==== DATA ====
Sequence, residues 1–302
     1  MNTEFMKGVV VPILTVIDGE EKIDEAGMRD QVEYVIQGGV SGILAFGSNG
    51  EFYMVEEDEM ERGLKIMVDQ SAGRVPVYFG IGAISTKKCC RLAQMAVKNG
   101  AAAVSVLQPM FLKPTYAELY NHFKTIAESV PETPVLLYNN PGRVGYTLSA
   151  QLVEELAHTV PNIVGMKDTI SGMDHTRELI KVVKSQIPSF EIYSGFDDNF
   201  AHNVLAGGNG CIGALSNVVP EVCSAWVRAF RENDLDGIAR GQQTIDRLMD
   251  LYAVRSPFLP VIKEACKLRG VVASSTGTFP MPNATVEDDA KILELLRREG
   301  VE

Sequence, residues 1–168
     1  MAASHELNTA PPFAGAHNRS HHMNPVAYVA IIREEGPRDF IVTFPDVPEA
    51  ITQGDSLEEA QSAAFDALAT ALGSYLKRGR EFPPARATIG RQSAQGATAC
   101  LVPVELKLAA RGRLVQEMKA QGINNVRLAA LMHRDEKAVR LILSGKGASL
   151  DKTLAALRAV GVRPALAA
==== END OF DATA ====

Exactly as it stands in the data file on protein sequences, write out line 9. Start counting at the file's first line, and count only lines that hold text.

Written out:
Sequence, residues 1–168